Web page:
Last edited: May 20, 2018
    Mr. Yamaha likes this.
  9. mbz

    mbz AK Subscriber Subscriber

    Messages:
    1,894
    Location:
    Melbourne, Victoria
    Maybe a little off topic. Picked up a CX-1000 today, those 4 main filter caps had outer sleeves slightly receeded.
    I'm thinking of recapping the power supply only, as a precaution. It sounds decent as is. Did you find any caps
    out of spec, understand if it's a pre-emptive recap.
     
  10. rottalpha

    rottalpha Yamaholic Subscriber

    Messages:
    1,617
    Location:
    Middle of Crook County
    on an area of the size of the CX, 2-3 mins to get rid of 90%+ of the glue using a bit of heat and a wood or hard plastic stick. I used a flat metal screw driver the first time and it did not end well for the silkscreen, tried hard wood and bamboo, but my tool of choice is the I Fix it plastic tool. I use these:
    https://www.amazon.com/Universal-Sp...94&sr=8-146-spons&keywords=i+fix+it+kit&psc=1

    What usually takes longer is to clean the components, if you do not want to replace them.

    Every MX-1000 has that glue and I worked on quite a few of them. The heat-gun, hard plastic stick and a bit of acetone is what I came up with as being the most efficient method. When I have the luxury, I always replace the affected components since those take the longest to clean-up. For the MX is always a few resistors and a few diodes. It makes job substantially less painful.
     
    Last edited: May 29, 2018
    Mr. Yamaha and Oilmaster like this.
  11. Mr. Yamaha

    Mr. Yamaha Not so much Yamaha lately... Subscriber

    Messages:
    871
    Location:
    Amsterdam Area, The Netherlands
    I haven't taken the time to measure the old capacitors yet. The recap itself is a massive job. I chose to replace all electrolytics (makes me sleep well) and to resolder every solder joint. I have never seen so much cold and cracked solder joints. The caps are almost 30 years old and entry level audio grade (Elna Duorex). I tried to replace all with Silmic II's, but I couldn't find all needed values. So all audio board are being recapped with Nichicon KZ where possible, high voltage FG, ES for bipolar and KG for the large filter caps.

    Input coupling caps are being replaced with Panasonic film caps. The video / digital boards are being recapped with Nichicon PW except for the exotic short 6800 uF cap, that one is replaced with Nichicon UPA. I wil allso experiment with the input opamps. I placed DIP sockets on three inputs and start with OPA2134's and LM4562NA's.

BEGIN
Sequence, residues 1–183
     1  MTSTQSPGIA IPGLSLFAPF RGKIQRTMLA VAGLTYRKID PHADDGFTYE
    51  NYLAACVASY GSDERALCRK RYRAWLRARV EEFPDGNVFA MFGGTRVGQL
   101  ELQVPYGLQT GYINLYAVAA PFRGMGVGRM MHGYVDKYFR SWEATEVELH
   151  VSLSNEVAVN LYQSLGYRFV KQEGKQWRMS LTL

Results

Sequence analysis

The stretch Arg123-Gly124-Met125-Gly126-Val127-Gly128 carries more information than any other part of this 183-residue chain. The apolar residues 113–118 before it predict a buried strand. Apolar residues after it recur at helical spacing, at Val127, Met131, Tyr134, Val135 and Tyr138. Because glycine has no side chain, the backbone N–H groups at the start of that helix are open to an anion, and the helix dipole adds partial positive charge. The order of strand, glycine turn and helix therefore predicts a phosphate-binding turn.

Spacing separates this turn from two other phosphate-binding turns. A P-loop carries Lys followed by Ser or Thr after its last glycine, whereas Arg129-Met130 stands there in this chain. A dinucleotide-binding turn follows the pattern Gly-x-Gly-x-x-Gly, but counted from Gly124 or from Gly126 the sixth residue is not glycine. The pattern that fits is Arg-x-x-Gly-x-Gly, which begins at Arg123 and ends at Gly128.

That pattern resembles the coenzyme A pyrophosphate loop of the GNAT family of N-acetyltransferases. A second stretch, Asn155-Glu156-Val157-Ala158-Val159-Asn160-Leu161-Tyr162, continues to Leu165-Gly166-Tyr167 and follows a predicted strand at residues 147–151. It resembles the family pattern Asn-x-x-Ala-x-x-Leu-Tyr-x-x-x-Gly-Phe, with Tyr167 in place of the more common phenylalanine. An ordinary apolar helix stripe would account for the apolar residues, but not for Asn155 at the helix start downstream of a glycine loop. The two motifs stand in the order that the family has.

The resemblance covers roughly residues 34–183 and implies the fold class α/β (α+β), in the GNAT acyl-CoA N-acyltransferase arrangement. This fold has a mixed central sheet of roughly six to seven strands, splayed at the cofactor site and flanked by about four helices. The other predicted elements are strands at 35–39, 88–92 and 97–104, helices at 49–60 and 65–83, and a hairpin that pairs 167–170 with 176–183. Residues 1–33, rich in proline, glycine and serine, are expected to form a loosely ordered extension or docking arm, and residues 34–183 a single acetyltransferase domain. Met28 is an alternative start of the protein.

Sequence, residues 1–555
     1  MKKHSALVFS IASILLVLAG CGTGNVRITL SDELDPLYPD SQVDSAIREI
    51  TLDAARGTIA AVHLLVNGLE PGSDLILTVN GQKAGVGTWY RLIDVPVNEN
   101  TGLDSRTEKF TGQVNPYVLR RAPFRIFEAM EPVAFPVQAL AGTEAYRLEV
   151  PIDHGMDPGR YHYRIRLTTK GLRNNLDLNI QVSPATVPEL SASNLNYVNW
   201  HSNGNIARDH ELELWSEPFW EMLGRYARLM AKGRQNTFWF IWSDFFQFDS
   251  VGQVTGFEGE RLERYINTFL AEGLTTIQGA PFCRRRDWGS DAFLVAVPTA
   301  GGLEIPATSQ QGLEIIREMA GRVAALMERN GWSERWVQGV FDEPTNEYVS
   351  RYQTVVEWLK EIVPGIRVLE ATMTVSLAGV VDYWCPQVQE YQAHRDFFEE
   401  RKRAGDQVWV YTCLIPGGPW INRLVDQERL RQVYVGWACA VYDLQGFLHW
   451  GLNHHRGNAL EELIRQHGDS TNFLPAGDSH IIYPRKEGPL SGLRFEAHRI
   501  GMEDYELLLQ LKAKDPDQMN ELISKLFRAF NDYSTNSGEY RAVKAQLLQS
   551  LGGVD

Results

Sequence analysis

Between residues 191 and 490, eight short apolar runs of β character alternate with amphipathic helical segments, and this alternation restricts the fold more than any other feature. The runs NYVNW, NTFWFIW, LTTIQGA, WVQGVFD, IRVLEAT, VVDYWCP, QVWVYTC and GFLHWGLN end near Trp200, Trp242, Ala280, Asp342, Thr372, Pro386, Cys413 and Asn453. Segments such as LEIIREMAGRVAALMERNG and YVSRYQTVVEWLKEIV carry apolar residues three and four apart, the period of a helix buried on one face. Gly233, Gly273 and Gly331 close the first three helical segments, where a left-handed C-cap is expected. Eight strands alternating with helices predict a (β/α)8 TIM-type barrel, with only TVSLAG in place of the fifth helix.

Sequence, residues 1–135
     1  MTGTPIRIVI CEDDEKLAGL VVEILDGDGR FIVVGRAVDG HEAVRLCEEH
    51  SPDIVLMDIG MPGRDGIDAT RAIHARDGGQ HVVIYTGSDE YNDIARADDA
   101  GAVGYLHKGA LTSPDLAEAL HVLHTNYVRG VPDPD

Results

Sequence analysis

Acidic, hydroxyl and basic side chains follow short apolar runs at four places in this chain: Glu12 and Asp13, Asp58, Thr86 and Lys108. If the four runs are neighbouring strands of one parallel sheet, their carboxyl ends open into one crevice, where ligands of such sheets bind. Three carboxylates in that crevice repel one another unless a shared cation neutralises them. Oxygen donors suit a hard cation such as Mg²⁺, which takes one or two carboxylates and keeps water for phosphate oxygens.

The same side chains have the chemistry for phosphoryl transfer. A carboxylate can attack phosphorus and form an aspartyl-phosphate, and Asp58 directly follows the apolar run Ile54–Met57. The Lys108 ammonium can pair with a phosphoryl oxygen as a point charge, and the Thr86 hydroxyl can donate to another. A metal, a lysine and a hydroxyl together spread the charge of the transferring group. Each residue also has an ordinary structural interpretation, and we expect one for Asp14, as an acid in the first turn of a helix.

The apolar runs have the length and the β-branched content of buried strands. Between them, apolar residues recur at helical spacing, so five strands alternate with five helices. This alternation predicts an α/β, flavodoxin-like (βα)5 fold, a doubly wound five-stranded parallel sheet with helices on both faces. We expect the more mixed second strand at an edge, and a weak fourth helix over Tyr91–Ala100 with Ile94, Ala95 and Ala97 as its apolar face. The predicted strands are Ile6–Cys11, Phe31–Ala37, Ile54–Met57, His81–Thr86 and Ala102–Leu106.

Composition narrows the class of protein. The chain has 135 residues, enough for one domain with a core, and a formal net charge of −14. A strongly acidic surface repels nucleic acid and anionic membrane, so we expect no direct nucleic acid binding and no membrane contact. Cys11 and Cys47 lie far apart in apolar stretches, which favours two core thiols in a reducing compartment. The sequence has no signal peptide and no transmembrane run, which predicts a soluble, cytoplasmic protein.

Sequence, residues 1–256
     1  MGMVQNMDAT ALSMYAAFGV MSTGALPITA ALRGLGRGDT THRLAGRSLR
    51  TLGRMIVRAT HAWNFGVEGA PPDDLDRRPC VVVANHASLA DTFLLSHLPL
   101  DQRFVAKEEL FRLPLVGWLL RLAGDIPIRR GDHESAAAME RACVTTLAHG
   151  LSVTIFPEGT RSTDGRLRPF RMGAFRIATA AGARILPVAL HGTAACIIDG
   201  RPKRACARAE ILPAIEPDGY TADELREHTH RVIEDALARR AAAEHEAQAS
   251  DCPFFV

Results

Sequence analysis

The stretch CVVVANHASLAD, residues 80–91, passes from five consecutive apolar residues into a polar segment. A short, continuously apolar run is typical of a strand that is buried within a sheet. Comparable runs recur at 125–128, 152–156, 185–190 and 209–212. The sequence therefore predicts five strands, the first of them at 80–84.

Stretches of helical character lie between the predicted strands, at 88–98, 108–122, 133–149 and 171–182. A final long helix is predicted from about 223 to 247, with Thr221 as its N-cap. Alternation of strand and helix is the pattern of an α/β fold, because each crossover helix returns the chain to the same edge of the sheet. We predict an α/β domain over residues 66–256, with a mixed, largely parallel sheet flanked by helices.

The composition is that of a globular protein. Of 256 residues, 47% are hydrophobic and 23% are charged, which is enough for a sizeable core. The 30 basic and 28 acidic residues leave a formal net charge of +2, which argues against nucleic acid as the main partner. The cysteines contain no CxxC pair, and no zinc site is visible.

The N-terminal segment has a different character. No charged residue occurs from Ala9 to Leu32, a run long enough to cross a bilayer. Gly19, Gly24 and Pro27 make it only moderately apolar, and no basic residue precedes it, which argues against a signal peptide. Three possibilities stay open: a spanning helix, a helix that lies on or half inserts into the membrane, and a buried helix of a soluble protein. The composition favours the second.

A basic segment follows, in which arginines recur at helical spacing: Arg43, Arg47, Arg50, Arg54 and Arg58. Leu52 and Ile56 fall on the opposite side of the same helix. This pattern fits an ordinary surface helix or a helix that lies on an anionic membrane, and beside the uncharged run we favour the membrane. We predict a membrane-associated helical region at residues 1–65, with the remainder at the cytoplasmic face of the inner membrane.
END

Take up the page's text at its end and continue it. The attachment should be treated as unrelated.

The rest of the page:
Last edited: May 22, 2018
    mbz likes this.

     

    Please register to disable this ad.

  12. mbz

    mbz AK Subscriber Subscriber

    Messages:
    1,894
    Location:
    Melbourne, Victoria
    Yes, I was surprised, still got a few to do

    Working on a CX-1 at the moment, all caps except 1 tested in spec, bit reluctant to do same on CX-1000, it's a big job like you say but agree that it will
    provide peace of mind.

    Thanks for the tip on cap selection.

    I would be very interested in this. I've used LM4562's with good results in some budget amps. May try in in the CX-1? while it's open
     
  13. Bratwurst7s

    Bratwurst7s In The Frying Pan Subscriber

    Messages:
    3,963
    Location:
    Munich, Germany
    IIRC the CD input buffer in the CX-1 is all discrete. The Phono has SIP-8 (or 9 pin) op-amps. The tape-3 is the next best input channel and also has SIP-8 op-amps in the buffer and all of the rest of the input buffers have DIP-8 op-amps. And, IIRC those SIP-8 units are low noise DD types.

    The CD and phono inputs have all 1/3w and 1w resistors in the signal path (can't recall if the Tape-3 does also) and the rest of the inputs have 1/4w.

    I wasn't expecting any real improvements after re-capping the CX-1 and was very pleasantly surprised. Replaced as many signal path caps as possible with film and the rest with Nichicon KL. Well worth the extra effort as there was a nice SQ improvement afterwards.

    LM4562/LMA49720 are great op-amps. Add a 0.1µF film cap across the supply lines (pins 4 & 8) for some extra stability.

    Cheers,
    James
     
    Mr. Yamaha and mbz like this.
  14. Mr. Yamaha

    Mr. Yamaha Not so much Yamaha lately... Subscriber